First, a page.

1 hour ago
Monday, November 26, 2012
Dear Nike: How about helping more kids and adults with disabilities?
I've been following the story of Matthew Walzer with enthusiasm. When I first read the letter the Florida high-school junior wrote to you, mentioning that he has cerebral palsy and that he has trouble tying his shoes, I knew just what he meant. Like Matthew, my son, Max, also has CP and cannot tie laces due to challenges with fine-motor skills. Like Matthew, doctors told us Max might never walk and, wow, does he walk. And if he is headed down the block toward the ice-cream store, he runs.
Max has orthotically-correct shoes with Velcro that fit over his foot braces; as you may notice, they're big and clunky and not exactly the kind of style that inspire shoe envy. We haven't been able to find a cool pair that fit over his braces, or that he could close on his own. (You may also notice the Nike sweat jacket, it's his sister's and they regularly argue over who gets to wear it; Max is not the least bit sibling-rivalry impaired.)
I loved Matthew's suggestion: that Nike design and produce basketball and running shoes with good support and a closure system that could be used by everyone. It was awesome when the letter spread through social media and reached your chief exec, Mark Parker. It was also awesome that Nike responded, creating a specially-engineered shoe for Matthew, and that you delivered two more pairs before Thanksgiving.
This is fantastic...if you are Matthew Walzer. Of course, it's a heartwarming story for all to hear; it's nice to know that companies care. Still, here's the thing: We parents of kids with special needs would like to think it's more than a token act of goodness. There are thousands more Matthews with cerebral palsy who sure would love an adaptive pair of Nike sneakers, just as there are many parents who'd like their kids to be able to wear the sneakers they grew up in and love.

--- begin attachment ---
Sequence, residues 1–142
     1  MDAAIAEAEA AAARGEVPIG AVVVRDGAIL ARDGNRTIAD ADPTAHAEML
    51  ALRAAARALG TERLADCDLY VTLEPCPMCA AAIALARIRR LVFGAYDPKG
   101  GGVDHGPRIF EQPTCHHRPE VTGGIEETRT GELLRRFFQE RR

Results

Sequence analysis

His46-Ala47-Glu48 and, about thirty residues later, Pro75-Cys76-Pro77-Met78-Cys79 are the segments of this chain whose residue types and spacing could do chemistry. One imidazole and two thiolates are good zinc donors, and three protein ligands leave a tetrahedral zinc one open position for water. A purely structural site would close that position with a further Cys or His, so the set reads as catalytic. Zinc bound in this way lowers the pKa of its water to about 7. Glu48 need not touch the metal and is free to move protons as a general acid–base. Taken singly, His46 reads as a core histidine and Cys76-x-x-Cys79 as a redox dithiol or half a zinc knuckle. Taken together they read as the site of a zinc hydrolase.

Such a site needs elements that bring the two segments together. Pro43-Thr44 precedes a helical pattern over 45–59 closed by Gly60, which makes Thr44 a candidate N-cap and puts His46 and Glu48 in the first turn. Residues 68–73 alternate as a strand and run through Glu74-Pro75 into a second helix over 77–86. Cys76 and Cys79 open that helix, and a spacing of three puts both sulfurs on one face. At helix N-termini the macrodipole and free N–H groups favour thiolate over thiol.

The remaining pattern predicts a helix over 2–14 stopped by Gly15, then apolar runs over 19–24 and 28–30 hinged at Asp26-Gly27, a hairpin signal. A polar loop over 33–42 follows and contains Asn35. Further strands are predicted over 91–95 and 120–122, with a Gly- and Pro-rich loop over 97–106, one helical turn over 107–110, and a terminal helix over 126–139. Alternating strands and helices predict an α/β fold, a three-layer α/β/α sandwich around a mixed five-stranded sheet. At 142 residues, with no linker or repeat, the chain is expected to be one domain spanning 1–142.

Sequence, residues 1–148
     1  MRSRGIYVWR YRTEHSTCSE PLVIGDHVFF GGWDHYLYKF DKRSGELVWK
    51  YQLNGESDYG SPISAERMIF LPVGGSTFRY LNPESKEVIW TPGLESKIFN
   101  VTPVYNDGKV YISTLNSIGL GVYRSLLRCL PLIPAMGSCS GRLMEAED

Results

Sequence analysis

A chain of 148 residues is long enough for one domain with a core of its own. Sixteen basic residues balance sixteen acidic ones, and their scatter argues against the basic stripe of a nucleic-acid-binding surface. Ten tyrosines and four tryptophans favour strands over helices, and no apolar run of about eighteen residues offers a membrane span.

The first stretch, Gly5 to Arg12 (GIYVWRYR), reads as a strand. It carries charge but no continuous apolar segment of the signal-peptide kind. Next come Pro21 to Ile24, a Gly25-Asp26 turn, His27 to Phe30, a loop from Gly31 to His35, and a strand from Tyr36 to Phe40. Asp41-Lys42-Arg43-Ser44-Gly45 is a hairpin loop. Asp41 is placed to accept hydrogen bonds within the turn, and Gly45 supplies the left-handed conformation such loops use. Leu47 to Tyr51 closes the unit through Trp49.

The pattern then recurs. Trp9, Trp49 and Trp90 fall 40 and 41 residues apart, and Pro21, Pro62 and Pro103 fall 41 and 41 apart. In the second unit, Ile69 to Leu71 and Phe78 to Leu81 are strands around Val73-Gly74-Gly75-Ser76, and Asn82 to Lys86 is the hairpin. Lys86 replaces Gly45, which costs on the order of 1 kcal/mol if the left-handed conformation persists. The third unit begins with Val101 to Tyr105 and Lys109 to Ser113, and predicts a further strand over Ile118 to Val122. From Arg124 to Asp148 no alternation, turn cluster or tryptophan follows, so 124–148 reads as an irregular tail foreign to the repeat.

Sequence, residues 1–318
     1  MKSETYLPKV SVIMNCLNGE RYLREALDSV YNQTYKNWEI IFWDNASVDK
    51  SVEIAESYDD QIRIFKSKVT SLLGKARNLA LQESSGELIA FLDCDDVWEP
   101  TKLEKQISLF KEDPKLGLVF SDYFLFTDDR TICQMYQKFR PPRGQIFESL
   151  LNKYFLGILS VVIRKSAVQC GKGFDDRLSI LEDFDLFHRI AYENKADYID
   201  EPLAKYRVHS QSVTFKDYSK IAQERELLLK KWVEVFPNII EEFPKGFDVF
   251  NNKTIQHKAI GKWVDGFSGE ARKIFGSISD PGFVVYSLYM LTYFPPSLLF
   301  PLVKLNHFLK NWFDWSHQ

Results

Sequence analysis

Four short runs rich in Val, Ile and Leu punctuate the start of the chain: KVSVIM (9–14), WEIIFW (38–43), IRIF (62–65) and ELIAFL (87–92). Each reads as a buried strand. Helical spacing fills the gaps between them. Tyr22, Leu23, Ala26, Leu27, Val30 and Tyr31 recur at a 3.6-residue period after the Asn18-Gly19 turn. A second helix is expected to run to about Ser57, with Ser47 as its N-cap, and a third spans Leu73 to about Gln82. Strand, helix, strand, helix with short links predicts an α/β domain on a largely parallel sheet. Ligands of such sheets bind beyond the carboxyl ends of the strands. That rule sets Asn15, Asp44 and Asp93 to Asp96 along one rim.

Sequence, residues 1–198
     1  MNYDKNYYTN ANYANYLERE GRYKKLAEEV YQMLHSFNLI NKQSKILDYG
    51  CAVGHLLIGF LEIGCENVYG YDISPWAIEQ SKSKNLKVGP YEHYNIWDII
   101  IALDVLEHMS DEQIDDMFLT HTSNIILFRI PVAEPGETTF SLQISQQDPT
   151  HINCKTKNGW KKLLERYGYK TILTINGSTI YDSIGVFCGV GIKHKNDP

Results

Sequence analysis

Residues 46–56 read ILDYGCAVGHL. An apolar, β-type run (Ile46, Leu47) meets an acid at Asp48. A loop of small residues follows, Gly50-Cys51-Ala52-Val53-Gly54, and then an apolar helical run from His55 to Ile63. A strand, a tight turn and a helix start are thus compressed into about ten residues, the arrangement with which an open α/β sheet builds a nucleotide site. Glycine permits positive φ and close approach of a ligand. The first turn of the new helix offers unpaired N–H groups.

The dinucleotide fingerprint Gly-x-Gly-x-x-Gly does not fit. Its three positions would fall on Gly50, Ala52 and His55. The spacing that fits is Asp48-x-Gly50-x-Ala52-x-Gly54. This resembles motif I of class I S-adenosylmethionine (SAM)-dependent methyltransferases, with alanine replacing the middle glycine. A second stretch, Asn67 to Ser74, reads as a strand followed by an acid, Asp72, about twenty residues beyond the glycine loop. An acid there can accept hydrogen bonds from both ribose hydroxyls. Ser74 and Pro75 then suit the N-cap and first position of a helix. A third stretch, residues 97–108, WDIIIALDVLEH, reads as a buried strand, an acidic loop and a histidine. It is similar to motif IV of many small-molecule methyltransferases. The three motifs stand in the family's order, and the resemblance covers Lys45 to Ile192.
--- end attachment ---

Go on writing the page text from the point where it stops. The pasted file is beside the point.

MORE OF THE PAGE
Unlike Matthew, Max isn't yet able to write letters to companies. So here I am, his mom, speaking up for him in my usual quest to make him happy, help him fit in with his peers, empower him and generally enable him to kick butt.
Nike has a reputation for social good. Nike also has the smarts and technology to manufacture a line of sneakers for kids and adults with disabilities. How awesome would it be for a major apparel company to do that? I can't think of any other mass ones that make products for people with disabilities. You could, once again, show the world the way to innovate. And you are cool enough not to name the sneakers ortho-anything!
Max would rock those sneakers on his Little League Challenger Division team, for kids with special needs. He'd rock them when he rides his bicycle, plays adaptive soccer or cruises the mall for chicks. (Oh, OK, he's not yet doing that.)
So I'll borrow the phrase you made famous:
Just do it.